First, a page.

Grant Writing Tips

Writing a grant can be an overwhelming activity for anyone, especially if you have never written one or have only written a few. The GOFBCI has come across several tips that can be useful in your grant writing endeavors. We have provided some of these below. Check back often to see new tips that will be added.

S - M - A - R - T
Grant Writing

GOAL: A general statement of what the project hopes to accomplish. Should reflect the long-term desired impact of the project on the target group and any target goals required by funding source.

OUTCOME OBJECTIVE: A statement which defines a measurable result the projects to accomplish. Should be described in terms that measure the results the project will bring about (i.e. increase X, or decrease Y). Must adhere to the SMART criteria.

S - SPECIFIC
Objective should specify on major result directly related to the program goal, stating who is going to be doing what, to whom, by how much, and in what time-frame. It should specify how the accomplishment will be measured.

M - MEASURABLE
Objective should be able to describe in realistic terms the expected result and specify how such results will be measured.

A - ACHIEVABLE
Accomplishment specified in the objective should be achievable within the proposed time line and as a direct result of the program activities.

R - REALISTIC
Objective should be reasonable in nature. Specified outcomes, expected results should all be expressed in realistic terms.

T - TIME-FRAMED
Objective should specify a target date or time for its accomplishments. It should state who is going to be doing what, by when.

Here are some other helpful tips:

  • Check Eligibility for Funding: One of the most common mistakes fun seekers make is applying for funds which they are not eligible. Check the funding agency’s eligibility requirements and areas of interest.
  • Don’t Solicit Funds Over the Telephone: A telephone call for contact or other general information is acceptable and frequently a great idea.
  • Follow Instructions: Read grant applications carefully. If a request is being submitted for funds on an agency’s application form, read the instructions and then complete the application as instructed.
  • Neatness Counts: If using a typewriter, proofread the work carefully. Where corrections are necessary, make them neatly so the corrections don’t distract the reader. If using a computer, be sure to replace the ink cartridge when the print is no longer dark and sharp. Good writing skills are a must.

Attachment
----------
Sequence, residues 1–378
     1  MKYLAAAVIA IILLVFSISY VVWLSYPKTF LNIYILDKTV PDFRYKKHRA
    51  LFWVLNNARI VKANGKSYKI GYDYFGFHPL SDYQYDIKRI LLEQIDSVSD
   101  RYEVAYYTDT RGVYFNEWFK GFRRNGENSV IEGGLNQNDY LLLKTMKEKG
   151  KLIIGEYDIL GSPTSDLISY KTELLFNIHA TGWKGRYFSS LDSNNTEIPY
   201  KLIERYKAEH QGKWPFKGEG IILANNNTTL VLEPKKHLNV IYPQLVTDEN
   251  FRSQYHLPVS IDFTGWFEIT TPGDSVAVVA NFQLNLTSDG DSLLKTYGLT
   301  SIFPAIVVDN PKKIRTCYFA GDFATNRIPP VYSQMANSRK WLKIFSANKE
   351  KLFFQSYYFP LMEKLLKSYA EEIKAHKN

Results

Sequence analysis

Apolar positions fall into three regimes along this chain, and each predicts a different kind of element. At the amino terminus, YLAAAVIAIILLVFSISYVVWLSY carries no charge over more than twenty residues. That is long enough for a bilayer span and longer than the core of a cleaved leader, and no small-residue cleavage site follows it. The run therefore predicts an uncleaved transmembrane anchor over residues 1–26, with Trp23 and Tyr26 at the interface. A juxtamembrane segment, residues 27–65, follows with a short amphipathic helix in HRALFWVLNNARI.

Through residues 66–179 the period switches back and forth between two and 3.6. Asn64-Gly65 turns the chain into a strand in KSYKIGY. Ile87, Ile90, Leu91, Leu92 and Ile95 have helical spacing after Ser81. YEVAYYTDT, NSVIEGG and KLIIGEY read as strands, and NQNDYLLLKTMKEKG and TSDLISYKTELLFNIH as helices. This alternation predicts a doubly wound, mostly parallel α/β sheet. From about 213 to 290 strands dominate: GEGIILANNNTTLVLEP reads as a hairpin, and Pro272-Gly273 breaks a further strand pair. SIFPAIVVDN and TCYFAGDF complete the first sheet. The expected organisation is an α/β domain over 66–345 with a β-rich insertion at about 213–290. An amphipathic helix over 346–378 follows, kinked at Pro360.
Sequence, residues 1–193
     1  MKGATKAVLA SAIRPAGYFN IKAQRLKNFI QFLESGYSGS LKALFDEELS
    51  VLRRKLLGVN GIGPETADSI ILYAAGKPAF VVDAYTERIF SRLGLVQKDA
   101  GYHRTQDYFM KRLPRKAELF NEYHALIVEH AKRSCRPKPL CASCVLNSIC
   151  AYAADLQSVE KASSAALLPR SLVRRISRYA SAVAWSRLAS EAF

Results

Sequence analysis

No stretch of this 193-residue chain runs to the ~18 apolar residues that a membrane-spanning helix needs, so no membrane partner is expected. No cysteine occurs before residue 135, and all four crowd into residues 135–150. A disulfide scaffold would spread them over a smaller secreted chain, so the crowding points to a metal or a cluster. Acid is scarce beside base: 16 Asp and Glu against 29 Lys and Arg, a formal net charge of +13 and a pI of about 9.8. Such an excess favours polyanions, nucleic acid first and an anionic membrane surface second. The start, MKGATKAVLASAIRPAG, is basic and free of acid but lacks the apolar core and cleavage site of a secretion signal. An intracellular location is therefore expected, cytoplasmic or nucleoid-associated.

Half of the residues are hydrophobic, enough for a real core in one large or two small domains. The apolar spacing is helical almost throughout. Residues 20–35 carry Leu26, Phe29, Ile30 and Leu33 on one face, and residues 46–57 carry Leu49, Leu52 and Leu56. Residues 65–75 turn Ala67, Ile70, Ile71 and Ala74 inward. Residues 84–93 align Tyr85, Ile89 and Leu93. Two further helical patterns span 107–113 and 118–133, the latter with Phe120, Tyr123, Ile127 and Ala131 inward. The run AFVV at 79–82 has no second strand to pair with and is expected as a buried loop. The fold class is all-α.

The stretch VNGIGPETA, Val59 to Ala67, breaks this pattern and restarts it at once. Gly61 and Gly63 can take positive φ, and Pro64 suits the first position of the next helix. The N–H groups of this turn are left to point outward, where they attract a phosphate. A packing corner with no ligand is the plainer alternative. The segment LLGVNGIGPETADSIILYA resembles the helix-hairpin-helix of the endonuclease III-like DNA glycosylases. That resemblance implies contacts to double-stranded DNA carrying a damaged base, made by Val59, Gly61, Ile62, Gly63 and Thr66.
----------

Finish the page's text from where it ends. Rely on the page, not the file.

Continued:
• Keep Word Choice Simple and to the Point: Words in a proposal should be easy to understand.
  • Don’t Use Jargon: When drafting a grant proposal, it is very important to write on a layperson’s level. If technical terms are necessary, remember to explain them fully. Not all grant reviewers are in your field.
  • Don’t Use Acronyms: Acronyms have become the enemy of many grant reviewers. What is common for the applicant could be confusing for the reviewer. Spell out the terms.
  • Don’t Wave Red Flags: There are several factors that raise red flags when the application is being reviewed that can lower the possibility of funding, such as inflating the budget, high consulting costs without a detailed explanation of the costs, only part-time staff on the project, and costs that are not explained in the narrative.
  • Consider Grant Reviewers: Since grant reviewers are taking time out of their schedules to review applications, applicants should avoid: flowery language that lacks substance, appending long documents, providing too much information, and gearing the project only to obtaining money.
  • Submit a Strong Proposal: Strong Proposals are those that have a compelling problem: are clearly written, organized and complete: describe an innovative approach: indicate the applicant has thoroughly researched the problem and solution: and come from a credible organization.
  • Be Forward Looking: Grant funding is usually only for a specified period of time. The applicant should provide information in their application on how they will continue the program once grants end.

 

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